Dresses | Modern Patterns

(Another) Cambie Dress

August 30, 2013

I really thought this was worth sharing, even though I know the Cambie Dress has been made so many times you all are probably sick of seeing it!

This is my first post on We Sew Retro, although I’ve been following it for a while now. I recently started a blog of my own, and I’d really appreciate it if you checked it out here. It’s work in progress, but I think it’s coming along nicely!

This is the second Cambie Dress I’ve made, and I love both of them! It’s a great pattern – view B is vintage-y without being over the top!

I’m calling this my “duvet dress” because I made it out of an old duvet cover, purchased at the thrift store for $6.99! I have no idea how old it is. For anyone with more experience working with vintage fabrics than I do, I would love some help dating it! Not that it really matters; I love it no matter how old it is. It’s 100% cotton, which I wouldn’t have believed before I found the tag. It’s so soft and drapey that I could have sworn it had some rayon in it! The tag also said that it was made in Canada, which (in my mind, anyways) means it’s not very recent.

It was wonderful to work with! It was about 84 inches wide, which means I got the entire dress and a self-lined bodice out of only 1.5 metres! As for the skirt lining, I decided on Bemberg rayon lining, which I love the feel of. Although if I use it again, I would figure out a better way to finish the seams. I tried serging the edges, my go-to finishing technique, but the fabric puckered horribly, and looked really messy. Ironing didn’t help at all! I tried a couple different methods and in the end I just did a couple rows of straight stitching. It doesn’t look as nice as serging, but at least it’s on the inside. (If anyone has any tips on how to finish Bemberg lining, they would be much appreciated!)

The construction went pretty smoothly, other than my problems with the lining. I made a muslin for my first dress so there were very few fitting problems. The waistband did end up a little bit big, because I had to add a little onto the pattern piece and I think I overcompensated. I could have fixed it, but because I did a hand-picked zipper, that would have involved ripping out and redoing lots of hand-stitching.

I also decided to understich the sweetheart neckline, which was probably a mistake. At first, it made it sit much more smoothly, keeping the lining to the inside, but once I put the straps in, it gaped oddly. I think the understiching might have just stretched it out a little. I fixed the problem by sewing another line of stitching in between the seam and the understiching and easing it in slightly. It’s not very pretty on the inside, but it will do.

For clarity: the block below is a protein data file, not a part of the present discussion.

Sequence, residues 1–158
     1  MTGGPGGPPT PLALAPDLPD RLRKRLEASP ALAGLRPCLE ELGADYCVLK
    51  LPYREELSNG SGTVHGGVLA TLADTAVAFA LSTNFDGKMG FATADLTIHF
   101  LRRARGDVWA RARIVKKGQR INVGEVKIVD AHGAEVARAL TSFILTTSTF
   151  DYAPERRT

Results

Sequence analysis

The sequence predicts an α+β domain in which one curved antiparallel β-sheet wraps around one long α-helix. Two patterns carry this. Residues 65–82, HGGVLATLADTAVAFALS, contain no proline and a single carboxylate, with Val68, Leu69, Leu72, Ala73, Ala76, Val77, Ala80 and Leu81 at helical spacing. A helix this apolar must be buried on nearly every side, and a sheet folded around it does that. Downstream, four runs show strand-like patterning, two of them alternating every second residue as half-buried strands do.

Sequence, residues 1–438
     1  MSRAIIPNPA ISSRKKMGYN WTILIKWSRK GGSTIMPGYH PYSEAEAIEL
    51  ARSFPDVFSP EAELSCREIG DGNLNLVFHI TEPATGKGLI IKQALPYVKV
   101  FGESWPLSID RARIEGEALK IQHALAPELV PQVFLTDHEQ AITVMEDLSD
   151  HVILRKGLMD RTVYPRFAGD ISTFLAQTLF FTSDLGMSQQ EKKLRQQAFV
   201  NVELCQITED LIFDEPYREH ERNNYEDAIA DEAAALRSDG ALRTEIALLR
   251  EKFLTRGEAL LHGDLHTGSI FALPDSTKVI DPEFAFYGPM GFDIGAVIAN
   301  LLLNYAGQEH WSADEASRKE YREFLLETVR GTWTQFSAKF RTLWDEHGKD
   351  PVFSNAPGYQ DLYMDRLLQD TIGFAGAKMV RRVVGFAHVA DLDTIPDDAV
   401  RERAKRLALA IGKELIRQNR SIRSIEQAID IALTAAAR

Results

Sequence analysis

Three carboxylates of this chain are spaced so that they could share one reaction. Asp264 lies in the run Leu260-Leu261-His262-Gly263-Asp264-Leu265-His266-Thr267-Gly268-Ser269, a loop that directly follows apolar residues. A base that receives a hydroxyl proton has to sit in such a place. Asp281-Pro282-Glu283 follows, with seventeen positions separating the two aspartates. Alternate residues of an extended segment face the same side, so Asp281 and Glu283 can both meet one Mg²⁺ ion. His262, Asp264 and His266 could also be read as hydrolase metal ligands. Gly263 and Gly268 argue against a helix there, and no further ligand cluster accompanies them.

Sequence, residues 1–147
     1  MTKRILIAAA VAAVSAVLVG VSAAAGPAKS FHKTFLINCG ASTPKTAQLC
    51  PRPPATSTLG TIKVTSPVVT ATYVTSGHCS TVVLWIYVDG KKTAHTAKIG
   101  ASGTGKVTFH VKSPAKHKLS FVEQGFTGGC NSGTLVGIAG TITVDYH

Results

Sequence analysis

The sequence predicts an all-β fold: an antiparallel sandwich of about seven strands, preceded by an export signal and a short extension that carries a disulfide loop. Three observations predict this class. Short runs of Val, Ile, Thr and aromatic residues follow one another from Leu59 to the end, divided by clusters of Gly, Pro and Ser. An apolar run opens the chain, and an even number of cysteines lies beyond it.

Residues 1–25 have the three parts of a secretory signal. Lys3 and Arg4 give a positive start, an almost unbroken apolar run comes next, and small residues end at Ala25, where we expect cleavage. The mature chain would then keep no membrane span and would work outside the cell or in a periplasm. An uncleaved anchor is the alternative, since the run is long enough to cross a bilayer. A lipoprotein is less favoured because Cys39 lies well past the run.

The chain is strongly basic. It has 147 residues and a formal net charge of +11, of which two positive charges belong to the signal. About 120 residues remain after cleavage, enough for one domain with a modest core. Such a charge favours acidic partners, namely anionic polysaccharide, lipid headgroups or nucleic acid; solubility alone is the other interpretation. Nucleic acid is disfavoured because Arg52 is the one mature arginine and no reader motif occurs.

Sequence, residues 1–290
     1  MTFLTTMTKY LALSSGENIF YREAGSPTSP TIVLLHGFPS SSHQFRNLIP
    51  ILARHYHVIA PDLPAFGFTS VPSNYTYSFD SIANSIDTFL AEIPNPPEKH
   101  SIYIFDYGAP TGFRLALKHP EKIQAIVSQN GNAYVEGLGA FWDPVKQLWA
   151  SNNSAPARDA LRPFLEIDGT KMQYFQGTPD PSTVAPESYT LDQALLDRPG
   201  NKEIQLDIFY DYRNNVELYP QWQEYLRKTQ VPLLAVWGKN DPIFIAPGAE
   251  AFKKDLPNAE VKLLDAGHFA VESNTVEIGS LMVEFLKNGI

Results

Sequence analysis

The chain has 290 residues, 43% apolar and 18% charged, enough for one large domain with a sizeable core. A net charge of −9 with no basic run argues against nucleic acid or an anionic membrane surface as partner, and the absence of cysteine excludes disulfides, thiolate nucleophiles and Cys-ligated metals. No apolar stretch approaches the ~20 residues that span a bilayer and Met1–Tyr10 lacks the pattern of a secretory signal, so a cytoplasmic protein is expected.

I added on 2″ to the skirt length so I could take a more generous hem, which, in my opinion, looks nicer. I sewed it by hand and I’m quite pleased with the result.

The shape of the skirt it a little subtler than my first version because of the drape of the fabric, so most of these pictures are shown with a crinoline.

I wanted to keep this short and sweet, so if you’d like to read more, head on over to my blog post here.

  1. Adorable Cambie! And that print is just lovely!

    I love using a french seam with bemberg rayon whenever I can – it takes a little extra time, but it does give a beautiful finish.

  2. Thank you!

    French seams do sound like a good idea – I’ve never tried them before, but I’ve been meaning to for a while. I’ll do that next time I line something with Bemberg. Thanks!

  3. This looks lovely on you. The print is worthy of a dress and you did a great job working through all the issues to get a great finished garment. Keep up the good work.

  4. Heehee, your post is a little like dejas vu for me. I just did my first post on here a few days ago, about a Cambie, and I just recently started a new blog too! Oh – AND I’m also in Canada (I am assuming you are as well, having gotten a ‘made in Canada’ duvet cover). Your Cambie is adorable! I was going to suggest French seams for your bemberg as well, or try playing with the thread tension on your serger – bemberg will be quite sensitive to that. French seams will look nicer though, and are very easy to do. I’m going to go check out your blog now!

    1. Thanks! I saw your post about your Cambie and thought of that when I was writing, hence the ‘another’ in the title.

      I did try changing the tension on my serger, but it didn’t seem to make much difference. The serger I use is quite old so it’s difficult to tweak the settings on it. Looking back, it would have been worth trying it with only one needle since most of the time I was serging the lining it was only one layer. I think next time, though, I’ll definitely try French seams.

  5. Your dress is perfect! The hem length is just right! I never pass up the household linens department in the thrift shops – one can find such good materials!

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